Flowers for May; Cammassias & Gaura

The tulips have been blown to bits by the recent high winds but the spring bulb bonanza has not bottomed out in my garden yet. Camassias are opening and are about to set their spot in the garden alight with their star studded spikes. This plant is from the damp mountainous regions of the USA. It is this fondness for damp soil that makes the camassia a great edition to Irish gardens. I bought my bulbs online in the autumn and planted them out as soon as they arrived. This is important as the skin of the bulb is quite thin and is easily damaged. I‘ll be allowing them set seed at the end of the summer so that they will spread themselves about.

Camassias also look lovely in a wild flower meadow. If this is your choosen site for them, do not cut grass until seeds have set in late July or early August. Leave the cut grass on the ground for a day or too before collecting it, this will give the seed pods a chance to release seeds for next year.

Gaura is another native American flowering plant.

This is commonly called beeblossom. It is a bushy clump forming perennial which flowers from late spring to early autumn. Some gaura will over crowd other plants and can be regarded as a nuisance weed if it is allowed to take hold. But White Gaura (also known as’the bride’) fits with my cottage garden style. Each morning loose panicles of long pinkish white buds open at dawn to reveal white flowers that later fade to pink. It is fresh, pretty and will add something new to your border. I just picked up a few plants from Sandy McCarthy of Perennials Plants in Ballymaloe at the recent plant fair at Fota.


Things to do this week…

–      Check strawberry plants for signs of green fly. A heavy infestation can stunt and even kill plants.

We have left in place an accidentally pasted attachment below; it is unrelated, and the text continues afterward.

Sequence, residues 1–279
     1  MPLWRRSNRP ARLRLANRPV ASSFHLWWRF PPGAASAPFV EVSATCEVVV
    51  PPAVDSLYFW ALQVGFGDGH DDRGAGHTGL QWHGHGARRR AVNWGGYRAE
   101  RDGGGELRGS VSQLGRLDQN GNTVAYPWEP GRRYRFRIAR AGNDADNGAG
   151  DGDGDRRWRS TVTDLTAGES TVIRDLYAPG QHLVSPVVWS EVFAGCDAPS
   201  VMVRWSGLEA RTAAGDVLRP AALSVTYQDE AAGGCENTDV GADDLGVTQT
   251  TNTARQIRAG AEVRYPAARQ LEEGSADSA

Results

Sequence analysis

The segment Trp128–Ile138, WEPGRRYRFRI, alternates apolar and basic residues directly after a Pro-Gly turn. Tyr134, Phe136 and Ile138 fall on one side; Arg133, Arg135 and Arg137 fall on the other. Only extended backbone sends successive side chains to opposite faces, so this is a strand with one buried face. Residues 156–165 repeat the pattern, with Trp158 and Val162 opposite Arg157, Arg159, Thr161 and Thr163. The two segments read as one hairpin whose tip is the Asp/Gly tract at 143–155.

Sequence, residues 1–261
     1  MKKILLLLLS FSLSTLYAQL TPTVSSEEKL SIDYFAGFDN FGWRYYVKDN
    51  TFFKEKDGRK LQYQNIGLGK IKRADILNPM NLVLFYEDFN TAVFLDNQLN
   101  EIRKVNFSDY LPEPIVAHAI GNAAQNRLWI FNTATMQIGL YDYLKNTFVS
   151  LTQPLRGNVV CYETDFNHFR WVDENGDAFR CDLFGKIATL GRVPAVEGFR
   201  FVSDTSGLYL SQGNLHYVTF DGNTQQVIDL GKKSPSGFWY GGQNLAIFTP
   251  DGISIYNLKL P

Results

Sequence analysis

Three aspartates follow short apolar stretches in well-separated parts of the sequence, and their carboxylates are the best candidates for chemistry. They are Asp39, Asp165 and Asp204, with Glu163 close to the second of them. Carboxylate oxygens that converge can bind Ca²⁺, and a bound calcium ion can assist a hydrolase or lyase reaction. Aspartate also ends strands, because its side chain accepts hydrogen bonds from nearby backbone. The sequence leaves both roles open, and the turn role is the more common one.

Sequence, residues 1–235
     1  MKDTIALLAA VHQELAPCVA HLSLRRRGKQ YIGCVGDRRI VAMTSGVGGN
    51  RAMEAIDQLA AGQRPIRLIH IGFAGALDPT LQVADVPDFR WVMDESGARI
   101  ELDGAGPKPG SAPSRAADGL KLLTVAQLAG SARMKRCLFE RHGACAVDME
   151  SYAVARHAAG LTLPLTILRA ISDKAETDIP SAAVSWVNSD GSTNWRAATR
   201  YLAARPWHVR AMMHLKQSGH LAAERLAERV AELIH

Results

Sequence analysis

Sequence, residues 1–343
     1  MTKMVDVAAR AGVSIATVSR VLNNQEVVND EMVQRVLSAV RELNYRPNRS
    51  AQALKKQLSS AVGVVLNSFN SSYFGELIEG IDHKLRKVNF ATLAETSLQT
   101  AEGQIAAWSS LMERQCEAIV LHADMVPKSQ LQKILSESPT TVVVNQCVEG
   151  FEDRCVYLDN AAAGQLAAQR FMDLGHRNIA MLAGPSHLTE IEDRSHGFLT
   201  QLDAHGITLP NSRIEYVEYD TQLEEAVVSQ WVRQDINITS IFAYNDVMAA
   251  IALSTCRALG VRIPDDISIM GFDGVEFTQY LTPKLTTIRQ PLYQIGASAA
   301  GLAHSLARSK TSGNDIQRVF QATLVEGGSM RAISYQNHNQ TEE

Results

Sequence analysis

–      Purchase and plant out herbal plants. Choose a spot with plenty of sunshine.

–      Seeds of French beans, climbing French beans and runner beans can be sown in the open ground this month when the soil has warmed up.

–      Carrot seeds sown last month may need to be thinned. Do this on a cool day when rain is due, as this reduces the distance the scent will travel, which attracts the attention of the carrot root fly.




Written by

I am passionate about gardening and creating outdoor spaces that are gorgeous, adventurous, productive and fun. I have been advising and designing gardens for many years starting with friends and family as well as developing my own garden design in Cork near Crosshaven. I have been doing this whilst bearing and rearing our four children, who also garden with me and share my interest and passion, especially in the vegetable and fruit garden. I am the Gardening columnist for the Cork Independent free newspaper. I take all my own photographs for my articles on gardening and will also customise cards for clients using photographs taken in their home and garden.

No Comments Yet.

Leave a Reply

You must be logged in to post a comment.